At just 19 years old, Danya Hamad (SIS/MA ’21) has graduated with a Master in International Relations (MAIR) from SIS and a Juris Doctor (JD) from Capital University Law School. We spoke with Hamad to learn more about what brought her to the SIS MAIR program, her time at SIS, and her plans to put her master’s and law degrees to work in international human rights law.
A Passion for International Law
From an early age, Hamad wanted to be a human rights lawyer. A first-generation student, she started taking college courses when she was 13 in middle school, graduated with her associate’s degree at 15, and then started a program at Capital University in Columbus, Ohio, that allowed her to complete both an undergraduate degree and law degree in six years. She graduated with her bachelor’s degree in international studies at 17 and graduated with both her MA and JD this past May.
Hamad explains that her parents always encouraged her to look at things from an international perspective, not just a domestic one: “I would see American news channels and Western news channels and see the different things that they were reporting on—what was happening in the Middle East or Africa or Asia. But then my parents would also put on Arabic news channels, and I would be seeing the same issue but from a different perspective.”
Growing up watching these different news channels, Hamad decided she wanted to practice law to take action against the injustices and human rights violations she saw happening around the world from such a young age. She enjoyed taking advanced coursework as a teenager; she enjoyed both the topics she was studying and also keeping herself busy.
“I really wanted to fight these injustices as early as I could,” explains Hamad. “I was really happy to do my education at a young age and continue it because I crave that knowledge. So I thought, ‘wow, if I can become a lawyer at this young age, that means I can also start advocating and fighting for human rights at a younger age.’”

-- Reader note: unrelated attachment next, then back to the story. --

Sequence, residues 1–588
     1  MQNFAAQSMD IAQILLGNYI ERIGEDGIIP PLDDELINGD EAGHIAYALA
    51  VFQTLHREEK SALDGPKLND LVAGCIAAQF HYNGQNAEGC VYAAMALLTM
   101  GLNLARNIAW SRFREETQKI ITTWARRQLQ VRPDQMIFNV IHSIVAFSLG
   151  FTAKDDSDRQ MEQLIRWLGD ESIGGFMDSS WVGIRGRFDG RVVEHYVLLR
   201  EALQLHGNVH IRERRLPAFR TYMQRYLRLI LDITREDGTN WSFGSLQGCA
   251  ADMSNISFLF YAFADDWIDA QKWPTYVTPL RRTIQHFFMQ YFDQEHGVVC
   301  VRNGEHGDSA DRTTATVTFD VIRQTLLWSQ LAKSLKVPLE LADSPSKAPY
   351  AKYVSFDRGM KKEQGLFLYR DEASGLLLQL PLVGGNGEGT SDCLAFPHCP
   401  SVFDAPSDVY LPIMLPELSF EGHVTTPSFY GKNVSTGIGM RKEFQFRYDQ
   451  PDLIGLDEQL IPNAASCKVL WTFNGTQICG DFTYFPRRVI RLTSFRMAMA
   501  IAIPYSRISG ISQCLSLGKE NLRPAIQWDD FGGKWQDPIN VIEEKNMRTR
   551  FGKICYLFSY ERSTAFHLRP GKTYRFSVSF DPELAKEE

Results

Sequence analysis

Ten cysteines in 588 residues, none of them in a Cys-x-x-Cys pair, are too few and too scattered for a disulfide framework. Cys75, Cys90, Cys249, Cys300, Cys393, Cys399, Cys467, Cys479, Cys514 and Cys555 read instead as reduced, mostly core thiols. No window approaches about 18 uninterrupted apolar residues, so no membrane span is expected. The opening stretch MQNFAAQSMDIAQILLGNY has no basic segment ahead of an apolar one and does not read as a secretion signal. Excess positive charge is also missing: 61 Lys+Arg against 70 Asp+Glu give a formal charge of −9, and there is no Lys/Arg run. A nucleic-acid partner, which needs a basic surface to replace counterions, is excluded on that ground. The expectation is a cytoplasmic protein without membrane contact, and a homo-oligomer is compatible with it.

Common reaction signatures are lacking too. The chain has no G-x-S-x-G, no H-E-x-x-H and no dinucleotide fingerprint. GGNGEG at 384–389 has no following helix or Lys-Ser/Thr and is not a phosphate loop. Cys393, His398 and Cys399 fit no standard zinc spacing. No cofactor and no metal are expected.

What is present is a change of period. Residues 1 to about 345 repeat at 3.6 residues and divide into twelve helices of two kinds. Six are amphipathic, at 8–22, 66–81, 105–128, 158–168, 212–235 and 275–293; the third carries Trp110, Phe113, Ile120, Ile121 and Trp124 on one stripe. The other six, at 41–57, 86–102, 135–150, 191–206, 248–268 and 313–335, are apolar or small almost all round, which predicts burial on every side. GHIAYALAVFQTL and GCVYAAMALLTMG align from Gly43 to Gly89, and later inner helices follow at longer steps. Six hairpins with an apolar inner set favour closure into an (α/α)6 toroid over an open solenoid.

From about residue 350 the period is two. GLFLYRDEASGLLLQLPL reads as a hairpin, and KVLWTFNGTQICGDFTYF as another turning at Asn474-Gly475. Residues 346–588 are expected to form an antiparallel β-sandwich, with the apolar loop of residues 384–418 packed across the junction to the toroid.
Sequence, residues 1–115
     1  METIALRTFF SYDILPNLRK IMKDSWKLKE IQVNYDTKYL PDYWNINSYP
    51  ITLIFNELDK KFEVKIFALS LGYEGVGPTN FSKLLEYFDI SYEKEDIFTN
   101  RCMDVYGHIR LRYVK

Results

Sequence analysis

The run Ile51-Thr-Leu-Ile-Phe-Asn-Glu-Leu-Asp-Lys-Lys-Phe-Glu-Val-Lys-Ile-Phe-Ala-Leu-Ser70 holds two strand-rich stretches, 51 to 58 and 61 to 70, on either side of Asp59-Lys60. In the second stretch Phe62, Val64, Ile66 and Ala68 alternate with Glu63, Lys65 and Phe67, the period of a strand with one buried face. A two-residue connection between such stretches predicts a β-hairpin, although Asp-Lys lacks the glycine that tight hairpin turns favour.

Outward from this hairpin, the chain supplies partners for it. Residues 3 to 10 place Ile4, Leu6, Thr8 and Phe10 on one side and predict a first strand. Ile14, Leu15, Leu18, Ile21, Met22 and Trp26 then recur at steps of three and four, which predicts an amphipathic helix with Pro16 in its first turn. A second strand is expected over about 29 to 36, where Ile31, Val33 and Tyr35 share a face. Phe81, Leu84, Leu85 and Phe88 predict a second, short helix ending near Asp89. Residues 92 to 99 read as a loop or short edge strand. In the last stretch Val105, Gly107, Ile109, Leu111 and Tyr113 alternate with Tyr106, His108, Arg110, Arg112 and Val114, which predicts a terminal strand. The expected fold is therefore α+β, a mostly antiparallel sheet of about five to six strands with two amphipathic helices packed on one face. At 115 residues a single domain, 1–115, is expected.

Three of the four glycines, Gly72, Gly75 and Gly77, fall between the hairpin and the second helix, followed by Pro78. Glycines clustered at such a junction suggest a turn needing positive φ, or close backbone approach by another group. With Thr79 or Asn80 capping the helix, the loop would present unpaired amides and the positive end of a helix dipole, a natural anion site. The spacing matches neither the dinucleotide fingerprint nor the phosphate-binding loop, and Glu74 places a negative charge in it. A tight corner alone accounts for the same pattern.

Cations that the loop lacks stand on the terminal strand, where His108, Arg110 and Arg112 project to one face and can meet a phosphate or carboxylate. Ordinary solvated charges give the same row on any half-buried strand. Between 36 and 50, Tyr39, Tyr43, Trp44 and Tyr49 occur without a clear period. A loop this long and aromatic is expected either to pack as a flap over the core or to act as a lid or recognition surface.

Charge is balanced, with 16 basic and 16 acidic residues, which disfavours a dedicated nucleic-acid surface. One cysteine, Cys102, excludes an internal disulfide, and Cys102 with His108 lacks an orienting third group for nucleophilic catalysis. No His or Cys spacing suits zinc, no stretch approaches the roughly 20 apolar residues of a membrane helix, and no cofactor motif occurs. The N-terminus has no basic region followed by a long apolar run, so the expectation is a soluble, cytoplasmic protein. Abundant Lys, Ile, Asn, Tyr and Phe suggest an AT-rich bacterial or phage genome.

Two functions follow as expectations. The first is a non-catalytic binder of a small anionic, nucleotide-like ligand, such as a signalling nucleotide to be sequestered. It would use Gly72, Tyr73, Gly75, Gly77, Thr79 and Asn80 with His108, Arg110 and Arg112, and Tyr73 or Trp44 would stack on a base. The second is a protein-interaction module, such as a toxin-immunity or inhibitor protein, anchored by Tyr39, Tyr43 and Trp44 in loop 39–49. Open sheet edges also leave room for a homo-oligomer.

Finding the SIS MAIR Program
After Hamad finished her first year of law school, she wanted to focus her coursework on international law and human rights, but those courses weren’t offered at her law school. She started to look for online courses or certificate programs to take at night during her second year to supplement her law school courses.
Hamad found the SIS MAIR program through online research. She learned that SIS has one of the top-10 master’s programs in international relations worldwide and chose to attend because of the prestige of the school. She started the MAIR program in January of 2020 while still a full-time law student. At the time, she also was completing an externship with the Ohio Attorney General’s office.
Before attending SIS, Hamad had a narrower view of what career she could pursue that would combine her interests in law, international affairs, and human rights. Professor Tamar Gutner’s Global Governance course showcased the different types of careers available to her in this space.
“Professor Gutner was showing us all of these international organizations and all of these positions that you can pursue with your MA degree,” says Hamad. “I really enjoyed that class. I knew of all these different institutions before, but we took a deeper dive into what they really are.”
She also especially enjoyed Professor Melissa Sinclair’s Conflict Assessment/Prevention course, during which she learned more about her fellow students’ different backgrounds: “I really loved the class in conflict assessment and prevention because it was an open discussion course; I got to share my perspective on everything while also understanding the perspectives of everyone else in that class.”
As she’s doing her job search, Hamad has realized that her JD can supplement her MA in ways she hadn’t considered before coming to SIS: “I’m really open to looking for policy positions where it helps to have my JD, but I don’t necessarily have to be admitted to the bar to be able to have that position.”
Even though she came to SIS interested in practicing human rights law, the MAIR program has widened Hamad’s options, and she now is looking for both attorney positions and other jobs in foreign policy, international relations, and human rights.
“I really do credit SIS for showing me there are so many options,” says Hamad. “Before attending AU, I was dead set on being a lawyer. But after having so many wonderful classmates and professors and seeing how all their different professions had relevance to both my MA and JD, I realize that I don’t necessarily need to be a lawyer to do something I love in international affairs and human rights.”